HUD Archives: News Releases

Lee Jones
(206) 220-5356 (work)
(804) 363-7018 (cell)
For Release
March 16, 2012

Groups in Boise, Hillsboro, Medford, Portland, Springfield & Seattle, says Donovan, help families "navigate the home buying process and secure their financial futures"

SEATTLE - As part of its continuing effort to help households find decent housing and prevent future foreclosures, the U.S. Department of Housing and Urban Development (HUD) today awarded $480,580 to seven HUD-approved housing counseling agencies in Idaho, Oregon and Washington state.

Agencies in the Northwest winning HUD Housing Counseling grants today are the Idaho Housing Finance Association in Boise, Open Door Housing Counseling in Hillsboro, Access, Inc. in Medford, the Native American Youth and Family in Portland, the Neighborhood Economic Development Corporation in Springfield and the Washington State Housing Finance Commission and Solid Ground, both in Seattle. Each of the seven winners received funds for comprehensive counseling services. Solid Ground won a second grant to counsel seniors with or seeking Home Equity Conversion "reverse" mortgages (see individual grant award amounts below).

Today's awards represent more than $36 million in funds awarded to support the housing counseling services provided by 27 national and regional organizations, 6 multi-state organizations, 16 State Housing Finance Agencies (SHFAs) and 419 local housing counseling agencies. In addition to the 7 local Northwest organizations receiving awards today, a number of the national and regional counseling organizations - Clearpoint Financial Solutions., Money Management International and the Neighborhood Reinvestment Corporation ("NeighhborWorks") - also provide counseling in the Northwest.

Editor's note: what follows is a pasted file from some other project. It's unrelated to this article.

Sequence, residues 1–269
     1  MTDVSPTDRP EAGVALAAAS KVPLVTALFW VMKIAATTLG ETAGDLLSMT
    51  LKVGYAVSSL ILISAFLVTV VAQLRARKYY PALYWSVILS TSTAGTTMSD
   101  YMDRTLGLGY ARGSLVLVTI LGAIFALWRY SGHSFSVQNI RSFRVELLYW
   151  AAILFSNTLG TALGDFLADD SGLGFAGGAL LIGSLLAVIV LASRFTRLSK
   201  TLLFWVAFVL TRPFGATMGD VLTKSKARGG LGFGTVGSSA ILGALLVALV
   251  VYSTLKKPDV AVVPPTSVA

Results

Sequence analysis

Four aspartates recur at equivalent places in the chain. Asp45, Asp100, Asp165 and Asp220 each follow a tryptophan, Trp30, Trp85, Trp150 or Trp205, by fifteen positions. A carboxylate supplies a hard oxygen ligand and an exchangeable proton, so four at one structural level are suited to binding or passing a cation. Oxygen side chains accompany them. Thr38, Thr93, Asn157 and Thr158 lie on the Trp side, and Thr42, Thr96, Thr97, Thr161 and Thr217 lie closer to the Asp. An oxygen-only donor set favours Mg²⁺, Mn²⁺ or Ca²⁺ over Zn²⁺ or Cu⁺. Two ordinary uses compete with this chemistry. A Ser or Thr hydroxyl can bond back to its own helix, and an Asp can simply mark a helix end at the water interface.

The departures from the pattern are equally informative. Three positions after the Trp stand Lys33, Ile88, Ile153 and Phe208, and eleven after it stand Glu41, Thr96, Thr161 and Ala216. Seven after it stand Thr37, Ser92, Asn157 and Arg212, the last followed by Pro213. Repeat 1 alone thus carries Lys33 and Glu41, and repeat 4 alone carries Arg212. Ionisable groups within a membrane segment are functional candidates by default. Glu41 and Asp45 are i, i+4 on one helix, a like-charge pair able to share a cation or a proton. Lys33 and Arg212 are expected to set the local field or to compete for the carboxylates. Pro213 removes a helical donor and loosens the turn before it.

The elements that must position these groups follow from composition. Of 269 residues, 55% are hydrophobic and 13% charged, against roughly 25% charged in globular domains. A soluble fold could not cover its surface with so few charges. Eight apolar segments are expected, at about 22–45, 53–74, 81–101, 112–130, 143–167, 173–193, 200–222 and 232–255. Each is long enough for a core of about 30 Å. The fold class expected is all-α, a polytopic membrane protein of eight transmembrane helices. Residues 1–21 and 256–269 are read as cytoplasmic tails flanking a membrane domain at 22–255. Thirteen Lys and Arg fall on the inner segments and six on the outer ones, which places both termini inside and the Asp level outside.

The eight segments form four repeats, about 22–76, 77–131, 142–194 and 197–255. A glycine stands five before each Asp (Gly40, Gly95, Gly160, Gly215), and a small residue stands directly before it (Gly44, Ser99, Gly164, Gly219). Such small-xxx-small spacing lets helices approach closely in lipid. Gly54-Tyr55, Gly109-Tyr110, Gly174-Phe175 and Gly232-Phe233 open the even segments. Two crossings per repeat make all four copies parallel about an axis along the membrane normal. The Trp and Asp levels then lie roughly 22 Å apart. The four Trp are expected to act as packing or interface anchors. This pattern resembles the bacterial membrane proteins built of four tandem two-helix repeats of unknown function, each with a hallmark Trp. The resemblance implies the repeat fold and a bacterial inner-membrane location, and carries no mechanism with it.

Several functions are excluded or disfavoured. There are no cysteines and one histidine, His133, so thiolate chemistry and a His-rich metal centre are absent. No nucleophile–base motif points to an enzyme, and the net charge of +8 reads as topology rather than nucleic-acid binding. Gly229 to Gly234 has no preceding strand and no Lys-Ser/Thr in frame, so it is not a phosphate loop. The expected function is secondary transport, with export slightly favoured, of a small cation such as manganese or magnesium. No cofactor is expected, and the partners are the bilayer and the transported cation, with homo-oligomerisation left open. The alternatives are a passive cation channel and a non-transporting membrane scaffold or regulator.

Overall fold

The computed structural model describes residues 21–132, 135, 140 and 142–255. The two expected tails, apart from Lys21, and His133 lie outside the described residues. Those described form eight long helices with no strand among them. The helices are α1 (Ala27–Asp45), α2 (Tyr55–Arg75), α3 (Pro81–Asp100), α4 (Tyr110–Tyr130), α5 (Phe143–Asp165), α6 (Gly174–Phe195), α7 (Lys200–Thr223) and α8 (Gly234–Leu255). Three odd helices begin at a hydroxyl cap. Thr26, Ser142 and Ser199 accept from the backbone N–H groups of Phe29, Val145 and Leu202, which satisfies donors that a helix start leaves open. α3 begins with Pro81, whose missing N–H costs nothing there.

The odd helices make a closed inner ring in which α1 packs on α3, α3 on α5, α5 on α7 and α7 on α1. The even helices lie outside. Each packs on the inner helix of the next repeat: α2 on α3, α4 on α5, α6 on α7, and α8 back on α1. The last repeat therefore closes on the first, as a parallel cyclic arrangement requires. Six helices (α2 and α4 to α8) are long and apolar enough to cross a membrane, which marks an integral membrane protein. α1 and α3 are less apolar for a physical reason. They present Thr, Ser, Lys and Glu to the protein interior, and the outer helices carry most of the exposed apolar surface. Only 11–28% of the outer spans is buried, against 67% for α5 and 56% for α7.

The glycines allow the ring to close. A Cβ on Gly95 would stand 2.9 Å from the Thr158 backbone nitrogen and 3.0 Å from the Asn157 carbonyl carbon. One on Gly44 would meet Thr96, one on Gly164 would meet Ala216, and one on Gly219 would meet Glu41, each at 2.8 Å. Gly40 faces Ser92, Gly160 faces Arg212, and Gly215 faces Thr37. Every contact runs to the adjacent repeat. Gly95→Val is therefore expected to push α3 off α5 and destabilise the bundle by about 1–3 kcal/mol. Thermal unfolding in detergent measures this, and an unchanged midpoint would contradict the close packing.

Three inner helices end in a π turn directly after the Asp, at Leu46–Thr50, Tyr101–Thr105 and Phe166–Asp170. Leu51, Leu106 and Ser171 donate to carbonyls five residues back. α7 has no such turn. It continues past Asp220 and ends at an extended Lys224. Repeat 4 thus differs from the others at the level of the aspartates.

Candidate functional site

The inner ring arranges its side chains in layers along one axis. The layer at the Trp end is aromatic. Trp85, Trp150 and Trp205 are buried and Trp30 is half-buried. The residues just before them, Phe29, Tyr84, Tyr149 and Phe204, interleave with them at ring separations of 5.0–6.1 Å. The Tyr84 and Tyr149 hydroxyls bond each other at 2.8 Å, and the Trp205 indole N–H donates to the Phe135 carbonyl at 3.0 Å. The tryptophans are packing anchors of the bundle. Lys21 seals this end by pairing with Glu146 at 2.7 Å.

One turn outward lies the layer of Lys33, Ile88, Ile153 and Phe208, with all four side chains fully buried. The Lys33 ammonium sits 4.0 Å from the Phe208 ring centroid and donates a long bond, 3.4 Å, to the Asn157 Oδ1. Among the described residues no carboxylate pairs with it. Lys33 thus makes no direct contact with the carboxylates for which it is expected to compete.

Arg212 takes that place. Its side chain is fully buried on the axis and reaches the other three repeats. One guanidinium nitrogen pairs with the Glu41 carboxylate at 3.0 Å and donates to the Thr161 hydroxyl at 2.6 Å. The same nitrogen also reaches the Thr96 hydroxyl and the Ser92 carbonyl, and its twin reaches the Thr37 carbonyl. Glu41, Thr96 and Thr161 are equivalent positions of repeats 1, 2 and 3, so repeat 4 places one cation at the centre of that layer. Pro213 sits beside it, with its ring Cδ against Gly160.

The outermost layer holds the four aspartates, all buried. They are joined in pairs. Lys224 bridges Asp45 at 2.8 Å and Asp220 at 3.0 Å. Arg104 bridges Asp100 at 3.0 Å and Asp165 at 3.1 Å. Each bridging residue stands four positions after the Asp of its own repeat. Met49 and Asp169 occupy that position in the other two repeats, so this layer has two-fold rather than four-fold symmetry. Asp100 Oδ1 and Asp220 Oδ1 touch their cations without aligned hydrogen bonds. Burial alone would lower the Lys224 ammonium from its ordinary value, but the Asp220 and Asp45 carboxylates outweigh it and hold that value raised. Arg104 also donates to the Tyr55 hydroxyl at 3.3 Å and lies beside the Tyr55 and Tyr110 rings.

"The HUD-approved counseling agencies this funding supports are crucial in helping struggling families on a one-to-one basis to manage their money, navigate the homebuying process, and secure their financial futures," said HUD Secretary Shaun Donovan. "We fought hard to persuade Congress to restore funding for housing counseling in HUD's budget and now we're working to make these important resources available as quickly as possible. These funds are complemented by the roughly $2.5 billion provided to the states as part of the $25 billion mortgage servicing settlement. Most states can use those funds for foreclosure prevention activities such as housing counseling and legal aid services," added Secretary Donovan.

"The last few years have been difficult for both homeowners and renters," said HUD Northwest Regional Administrator Mary McBride, "and housing counseling agencies have helped thousands upon thousands of them navigate safely through very troubled waters. We are very pleased that Congress agreed to restore funding to these agencies so that these agencies can continue their critical work."

HUD Grants will support the following state and local agencies:

IDAHO Boise Idaho Housing and Finance Association $108,756
    STATE TOTAL $108,756